Bloomberg is reporting that California Governor Jerry Brown is considering ways to ban the sale of vehicles that use internal combustion engines – a move that could have massive implications not only for vehicle sales, the environment, but potentially the motorcycle industry as well.
Still in the early days of consideration, the news comes from remarks made by Mary Nichols, who is the Chairman of the California Air Resources Board (CARB), and her remarks and relaying of thought from Gov. Brown don’t make it clear if the ban would apply only to passenger vehicles, or if it would include modes of transportation like trucks, commercial vehicles, and motorcycles.
However, the move mimics similar bans that we have already seen in places like China, and follows a trend that is catching on in European countries too, with the United Kingdom, France, Germany, and The Netherlands all recently announcing similar efforts and goals to block the sale of internal combustion vehicles in the coming decades.
While the Trump administration may deny the science of climate change, having recently pulled the United States out of the Paris Agreement on emissions, states, municipalities, and even businesses are filling the federal void.
California of course has a long history of stricter emission standards for vehicles, with the California Air Resources Board imposing stricter emissions requirements on vehicles.
California also has its own cap-and-trade emissions program, which works in partnership with the Canadian province of Quebec. This economic model for incentivizing cleaner emissions from business is becoming the go-to model for similar efforts worldwide.
California has also cut out for itself a unique requirements for on-road vehicles, primarily through waivers from the Environment Protection Agency (EPA). That would likely not be the way forward for banning internal combustion engines, however, as the Trump administration’s EPA is unlikely to grant such waivers.
Instead, California would like achieve a ban through California’s vehicle registration requirements, which fall completely under Gov. Brown’s jurisdiction of power..
Naturally what California ultimately decides to do, and how it proceeds forward, will have a massive affect the automotive industry, as the Golden State accounts for more car sales than countries like France, Spain, or Italy. Roughly 10% of all motorcycle registered in the United States are in California as well.
While the details of California’s possible internal combustion engine ban are still being formed, the transition would likely take some time, with CARB Chairman Mary Nichols saying the transition would take over a decade.
This timeline can still be considered aggressive though, as the proposals that we have seen in Europe allow for a larger transition period: The Netherlands plans to ban petrol and diesel vehicles by 2020, Germany by 2030, Scotland by 2032, and the United Kingdom and France by 2040.
“There are people who believe, including who work for me, that you could stop all sales of new internal-combustion cars by 2030,” Nichols told Bloomberg. “Some people say 2035, some people say 2040. It’s awfully hard to predict any of that with precision, but it [internal combustion ban] doesn’t appear to be out of the question.”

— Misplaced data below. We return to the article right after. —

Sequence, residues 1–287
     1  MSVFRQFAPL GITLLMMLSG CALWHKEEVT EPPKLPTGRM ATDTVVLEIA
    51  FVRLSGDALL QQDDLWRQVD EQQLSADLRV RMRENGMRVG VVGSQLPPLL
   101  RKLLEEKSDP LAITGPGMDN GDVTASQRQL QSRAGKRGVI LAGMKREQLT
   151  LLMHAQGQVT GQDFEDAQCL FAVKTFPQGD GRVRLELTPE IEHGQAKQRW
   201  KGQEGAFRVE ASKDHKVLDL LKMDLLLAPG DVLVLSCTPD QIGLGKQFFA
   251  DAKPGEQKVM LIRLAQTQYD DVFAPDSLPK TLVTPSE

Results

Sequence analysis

While there could be big consequences for traditional vehicle sales and production, this growing trend will surely be a shot in the arm for electric vehicle proponents and manufacturers.
Britain’s Motorcycle Industry Association welcomed the news of the UK planning to ban gas and petrol vehicles, while acknowledging what this means for electric motorcycle sales and development. Similarly, the Volkswagen Group announced that it will electrify all 12 of its brands by 2030 – including Ducati.
Not everyone is excited about the news, however. The Association of Global Automakers warns that electric vehicles are much more expensive than their gasoline equivalents, and accordingly this will mean that fewer people will be able to afford a car in our petrol-less future.
Of course, this perspective ignores the continuously lowering costs of making batteries and electric vehicles, as well as the changing landscape of transportation, which is being ushered in by autonomous vehicle technology.
There is a strong argument that can be made that our next generation of drivers won’t in fact drive anything, and likely won’t own a car – relying instead on self-driving cars that are provide by ride-sharing services.
Coming back to the motorcycle industry, today’s news brings with it a major takeaway: the future of gasoline-powered motorcycles is surely coming to an end, whether it is by the pressure that Gov. Brown’s proposal creates, or whether its by making motorcycles an outlier in a larger transportation movement.
In response, we have yet to see any input from our so-called industry leaders in the two-wheeled space, with the American Motorcyclist Association and the Motorcycle Industry Council silent on California’s emissions goals, or similar efforts abroad. Interesting.